Like any other investments in the market, the gains of PRS are not guaranteed.. So, despite the best efforts of PRS providers and regulators to safeguard investor interest, one should always consider the possibility of not reaping any returns from his hard-earned cash and what those implications are.
Not only the returns of PRS are not guaranteed but the capitals or contributions made to the PRS plan are not protected too. There is always that chance to lose the money contributed all those years in the event of adverse market conditions. In order to mitigate these risks, a person needs to educate himself and keep track of his PRS plans carefully (Ching, 2012).
This paper adopts a qualitative research method by conducting interviews with the providers of PRS. In analysing the data, thematic data analysis was employed to deduce findings from the respondents’ views. The thematic analysis is sorted out according to the legal framework of PRS in the CMSA 2007 which relates to sources of PRS law, jurisdiction of providers, efficiency of registration and approval process, criminal sanction, responsibilities of SC, ground of refusal of approval, fees, violation of provisions, and disclosure of information. The interview was conducted with five PRS providers ; AmFunds Management Berhad, Manulife Asset Management Services Berhad, AIA Pension and Asset Management Sdn. Bhd., Affin Hwang Asset Management Berhad and Kenanga Investors Berhad. Interviewees (respondents) are officers who are in charge of PRS in their organization. Their age is range between 26 to 56 years old. They are 6 male respondents and 1 female. The respondents’ designation is
The Legal Framework of PRS
Section 139A of CMSA, PRS is defined as a retirement scheme governed by a trust, offered or provided to the public for the sole purpose, or having the effect, of building up long term savings for retirement for members where the amount of the benefits is to be determined solely by reference to the contributions made to the scheme and any declared income, gains and losses in respect of such contributions but does not include any pension fund approved under section 150 of the Income Tax Act 1967; or any retirement scheme or retirement fund established or provided by the Federal Government, State Government or any statutory body established by an Act of Parliament or a State law (Capital Markets and Services Act, 2007).
The main legal framework of PRS is based on three sources i.e. the Capital Markets and Services Act 2007 (CMSA 2007), Capital Markets and Services (PRS Industry) Regulations 2012 (PRS Regulations 2012) and the Securities Commission Guidelines on PRS 2012 (PRS Guidelines 2012) (Securities Commission, 2012). The main discussion of this paper will be focused on these three legal sources.
The CMSA 2007 is the main statute to regulate the PRS has been amended by Capital Markets and Services (Amendment) Act 2011 (Act A1406) where new provision pertaining to PRS Industry has been inserted under Part IIIA of the principal Act. The amendment came in force effectively on 3rd October 2011. Due to such amendment, there are 44 sections deal with the PRS (section 139A – 139ZR). Secondly, the PRS is regulated by PRS Regulations 2012 which provide the duties and responsibilities of PRS providers. This including, fiduciaries duties, management of records, management of deeds, preserving of integrity and management of annual reports and returns.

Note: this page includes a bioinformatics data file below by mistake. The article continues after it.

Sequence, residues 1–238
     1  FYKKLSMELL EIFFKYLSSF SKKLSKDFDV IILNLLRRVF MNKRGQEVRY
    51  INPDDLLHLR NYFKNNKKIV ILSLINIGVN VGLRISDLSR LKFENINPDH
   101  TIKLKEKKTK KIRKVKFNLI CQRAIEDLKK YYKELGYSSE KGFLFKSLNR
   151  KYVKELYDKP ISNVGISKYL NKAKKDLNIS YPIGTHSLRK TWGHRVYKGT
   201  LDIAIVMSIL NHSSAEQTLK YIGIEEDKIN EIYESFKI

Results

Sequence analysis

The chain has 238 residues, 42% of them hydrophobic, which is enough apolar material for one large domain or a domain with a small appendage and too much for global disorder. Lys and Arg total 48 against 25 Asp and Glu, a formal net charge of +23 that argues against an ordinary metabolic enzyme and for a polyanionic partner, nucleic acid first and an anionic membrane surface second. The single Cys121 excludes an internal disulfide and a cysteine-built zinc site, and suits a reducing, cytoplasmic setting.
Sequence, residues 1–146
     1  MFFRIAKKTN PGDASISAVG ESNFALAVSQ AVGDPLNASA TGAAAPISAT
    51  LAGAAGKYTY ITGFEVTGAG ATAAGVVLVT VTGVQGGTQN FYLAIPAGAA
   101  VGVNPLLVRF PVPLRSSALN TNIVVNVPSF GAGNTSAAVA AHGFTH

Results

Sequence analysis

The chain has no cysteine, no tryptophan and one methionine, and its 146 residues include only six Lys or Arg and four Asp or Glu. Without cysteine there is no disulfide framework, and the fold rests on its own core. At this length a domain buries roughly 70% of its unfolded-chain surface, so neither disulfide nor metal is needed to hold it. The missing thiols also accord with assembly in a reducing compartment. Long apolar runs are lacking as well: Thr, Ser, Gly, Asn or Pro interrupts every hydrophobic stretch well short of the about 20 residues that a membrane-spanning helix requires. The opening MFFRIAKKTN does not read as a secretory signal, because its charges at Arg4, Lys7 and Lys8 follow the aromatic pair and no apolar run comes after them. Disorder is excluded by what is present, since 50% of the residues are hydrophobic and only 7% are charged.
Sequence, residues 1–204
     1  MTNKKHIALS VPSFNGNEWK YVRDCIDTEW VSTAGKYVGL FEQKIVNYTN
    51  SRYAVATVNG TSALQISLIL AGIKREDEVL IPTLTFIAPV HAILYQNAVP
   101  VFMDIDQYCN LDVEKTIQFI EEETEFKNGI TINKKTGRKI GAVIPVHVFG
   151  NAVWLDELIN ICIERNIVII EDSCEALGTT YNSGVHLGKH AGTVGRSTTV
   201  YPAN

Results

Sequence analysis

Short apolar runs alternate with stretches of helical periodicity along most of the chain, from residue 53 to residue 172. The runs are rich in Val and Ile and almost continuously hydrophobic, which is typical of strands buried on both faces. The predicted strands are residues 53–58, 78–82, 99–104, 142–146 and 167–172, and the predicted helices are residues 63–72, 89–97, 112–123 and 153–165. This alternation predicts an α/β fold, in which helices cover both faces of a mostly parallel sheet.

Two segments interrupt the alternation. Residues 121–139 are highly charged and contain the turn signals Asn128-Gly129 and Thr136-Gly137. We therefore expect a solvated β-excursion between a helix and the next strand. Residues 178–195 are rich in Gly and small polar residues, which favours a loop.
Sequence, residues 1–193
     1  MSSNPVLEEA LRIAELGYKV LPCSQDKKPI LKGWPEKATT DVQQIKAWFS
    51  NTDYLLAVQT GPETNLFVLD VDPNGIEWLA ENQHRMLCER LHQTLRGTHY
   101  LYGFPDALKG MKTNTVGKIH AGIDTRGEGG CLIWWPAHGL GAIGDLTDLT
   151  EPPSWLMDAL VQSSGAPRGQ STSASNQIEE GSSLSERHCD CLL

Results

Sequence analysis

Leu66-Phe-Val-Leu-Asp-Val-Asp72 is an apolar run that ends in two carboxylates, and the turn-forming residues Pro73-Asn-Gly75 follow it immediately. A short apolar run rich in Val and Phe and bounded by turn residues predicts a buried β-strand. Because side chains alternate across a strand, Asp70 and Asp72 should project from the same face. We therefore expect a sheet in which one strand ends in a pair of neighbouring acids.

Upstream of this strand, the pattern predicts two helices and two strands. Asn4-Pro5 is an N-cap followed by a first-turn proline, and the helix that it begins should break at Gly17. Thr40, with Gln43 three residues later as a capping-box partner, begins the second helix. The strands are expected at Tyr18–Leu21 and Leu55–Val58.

Finally, the PRS is also governed by the PRS Guidelines 2012 issued by SC Malaysia to be observed by the PRS providers effectively on 5 April 2012
Perception of providers on PRS Legal Framework
Sources of Law
All respondents agreed that the SC is the main regulator and enforcement body of PRS. The main source of law relating to PRS is under the CMSA 2007. This is said by R1(a); “
Jurisdiction of PRS provider
The jurisdiction of PRS providers is based on the law and regulation related to the PRS. This is agreed by all providers. However, a PRS Handbook is a requirement as R2 commented, “
Further R4 agreed that providers should have their own PRS handbook. As highlighted by R4; “
Efficiency of registration and approval process
For the efficiency of registration and also the approval process of PRS providers by SC, majority of providers gave a positive feedback. R5 said,
Criminal sanction (providers)
All of providers agreed with the penalty clause stipulated under the CMSA 2007 for the non-compliance of registration and approval requirements of provider’s application. According to the CMSA 2007, any person contravenes provision relating to registration and approval requirement commits an offence and shall on conviction be punished with imprisonment and liable to a fine (section 139P and section 372) (Ching, 2012). As mentioned by R2, “
Responsibilities of Securities Commission
With regards to responsibilities of SC in managing and handling PRS, R5 commented; “I found it is good. From my experience dealing with SC, I would say it is a good experience and it is not something about diplomatic. It just that…. I think because we have the chance to work with difference officer under this division that actually governing PRS. Overall I think something good for us’. R1(a) added that SC has quite a good relation with providers. Further he mentioned that “They gave feedback on most things. Every 1 or 2 months or once a month they will give feedback. Every time when they want to implement something then they will call us for a meeting”.
Responsibilities of Securities Commission
According to CMSA 2007, there are nine grounds of refusal for the approval of application as a PRS providers. Based on the feedbacks from the respondents, there are different views concerning grounds of refusal for approval as PRS providers. According to the R3(b) it is too early to comment about the ground of refusal for the approval process as the PRS is still in the infant stage. R3(b);